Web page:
Spring 2018 Newsletter


In The Studio

Since creating my first piece “Wings I: Captain Nemo Takes Flight” in 1998 I have experimented with various techniques and hundreds of materials. Captain Nemo was a labor of love that took over a year to complete. I was using my brand new water-fed diamond band saw, but the blades would break unexpectedly and give me a start; the pattern pieces would slip after getting wet and the cuts were crooked; I was continually redrawing the pattern to account for boo-boos – black ink was the original, red the second draft and green the third; the pattern got wet and the ink smeared, sometimes ruining the stone; rock slabs of the right color were in short supply, but the more I tried to preserve material, the closer I placed the patterns to the edge, and the more the blade slipped off, and then it would break…

I had no mentors, no books, no Youtube videos, or instruction/information of any sort. The phrase “pietra dura mosaic” was not part of my vocabulary until ten years later. I simply reasoned that because I had made stained glass windows I could inlay stone in a similar fashion. I was making it up as I went along and by all accounts it was the project from hell. And so why, oh why, did I keep going?

Passion! Complete unadulterated passion. Every time I would get discouraged I would just look at my beautiful rocks and think of how I had to work with stone, how I had to make them into beautiful designs.

Twenty years later a lot has changed, but stone remains my obsession. In “Wings 5: Wing on the Wind” I used some of the most exquisite material I have ever hoarded (whoops, did I say hoarded? I mean purchased). The wings are cut from golden amphibolite, also known as grunerite. It is a very rare material from Western Australia with extraordinary chatoyant crystals that sparkle in every directions.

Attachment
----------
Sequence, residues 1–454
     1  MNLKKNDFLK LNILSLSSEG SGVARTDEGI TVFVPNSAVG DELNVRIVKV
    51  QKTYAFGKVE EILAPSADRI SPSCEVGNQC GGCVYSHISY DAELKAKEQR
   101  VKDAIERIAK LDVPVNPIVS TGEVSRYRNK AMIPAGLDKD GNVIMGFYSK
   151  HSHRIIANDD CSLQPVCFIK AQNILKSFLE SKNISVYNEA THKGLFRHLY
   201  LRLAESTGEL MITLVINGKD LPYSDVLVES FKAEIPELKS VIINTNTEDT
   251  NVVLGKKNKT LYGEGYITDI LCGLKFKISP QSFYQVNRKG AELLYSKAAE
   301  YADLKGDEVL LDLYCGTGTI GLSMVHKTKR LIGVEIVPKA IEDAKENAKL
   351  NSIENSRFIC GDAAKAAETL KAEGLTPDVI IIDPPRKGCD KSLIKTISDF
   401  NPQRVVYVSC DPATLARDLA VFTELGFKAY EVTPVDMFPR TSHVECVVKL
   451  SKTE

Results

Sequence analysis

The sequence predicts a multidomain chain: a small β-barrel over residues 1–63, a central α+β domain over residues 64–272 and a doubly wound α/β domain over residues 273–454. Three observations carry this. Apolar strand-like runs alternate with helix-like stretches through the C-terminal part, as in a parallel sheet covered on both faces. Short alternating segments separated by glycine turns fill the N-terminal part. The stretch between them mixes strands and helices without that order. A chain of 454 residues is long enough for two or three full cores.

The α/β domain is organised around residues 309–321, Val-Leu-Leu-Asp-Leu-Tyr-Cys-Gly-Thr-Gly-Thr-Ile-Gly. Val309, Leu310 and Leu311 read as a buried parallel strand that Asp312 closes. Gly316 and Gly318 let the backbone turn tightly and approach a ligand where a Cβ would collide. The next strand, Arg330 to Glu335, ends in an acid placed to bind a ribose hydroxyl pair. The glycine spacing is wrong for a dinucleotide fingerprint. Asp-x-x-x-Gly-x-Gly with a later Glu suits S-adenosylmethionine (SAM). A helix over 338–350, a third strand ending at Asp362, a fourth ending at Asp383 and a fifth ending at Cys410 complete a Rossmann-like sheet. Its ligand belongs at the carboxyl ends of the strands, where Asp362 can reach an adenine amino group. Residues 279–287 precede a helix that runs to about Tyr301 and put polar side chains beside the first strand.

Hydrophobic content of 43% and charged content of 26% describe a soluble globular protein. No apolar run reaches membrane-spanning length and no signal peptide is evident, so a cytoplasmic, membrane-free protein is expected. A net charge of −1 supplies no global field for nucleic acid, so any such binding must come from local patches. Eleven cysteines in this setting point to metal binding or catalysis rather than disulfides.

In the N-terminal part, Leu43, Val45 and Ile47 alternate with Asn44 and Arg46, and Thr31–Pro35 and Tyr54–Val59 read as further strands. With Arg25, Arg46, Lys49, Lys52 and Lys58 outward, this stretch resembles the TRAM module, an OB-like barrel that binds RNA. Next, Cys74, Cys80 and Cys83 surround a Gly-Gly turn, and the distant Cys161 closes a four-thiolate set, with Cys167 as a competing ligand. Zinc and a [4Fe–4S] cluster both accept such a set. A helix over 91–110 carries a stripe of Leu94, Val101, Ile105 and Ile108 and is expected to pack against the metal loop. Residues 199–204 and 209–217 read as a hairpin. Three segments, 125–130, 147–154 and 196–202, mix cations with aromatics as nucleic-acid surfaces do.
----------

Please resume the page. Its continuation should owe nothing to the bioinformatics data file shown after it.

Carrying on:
Wings I: Captain Nemo Takes Flight, 1998
Wings V: Wing on the Wind, 2018

Another experiment I have been continuing with is my Waves Series. We have been cutting lots of new material and enjoying the combinations. In the latest pieces Waves IV and V, I have included some stone discs, a cabochon, and spheres.

Waves IV: Peak and Valley
Waves V: Echoing Hill

In The Gallery

My show at the Loveland Museum Gallery is continuing through May 13th. Seventeen artists from the Colorado Mosaic Artists were chosen for the exhibition, “Earth, Air, Fir, Water.” My piece, “As Above, So Below,” can be seen in the Green Room Gallery from January 20th through May 13th.

Loveland Museum Gallery
503 N. Lincoln Ave.
Loveland, CO 80537


If you are in the area, please come by!

In The Exhibit Hall

Next month we will be showing at the American Association of Petroleum Geologists annual convention in Salt Lake City. The show runs from May 20th-23rd. Additional information will be forthcoming before the show.

American Association of Petroleum Geologists Annual Convention & Exhibition
Salt Palace Convention Center
100 South West Temple
Salt Lake City, UT 84101

Hours:
Sunday: 5pm – 7:30pm
Monday: 9am – 6pm
Tuesday: 9am- 6pm
Wednesday: 9am – 2pm

In The Field

The first week of April we made our semi-annual trek to Utah to hike and collect rocks. We love slick-rocking and canyoneering in the Yellow Cat area northeast of Arches National Park. This time we found some very unusual tree branch-looking rock tubes that I plan to incorporate into my art. We also came upon a surprising number of agate pieces lying around (don’t get me started on hoarding…)

All the best,

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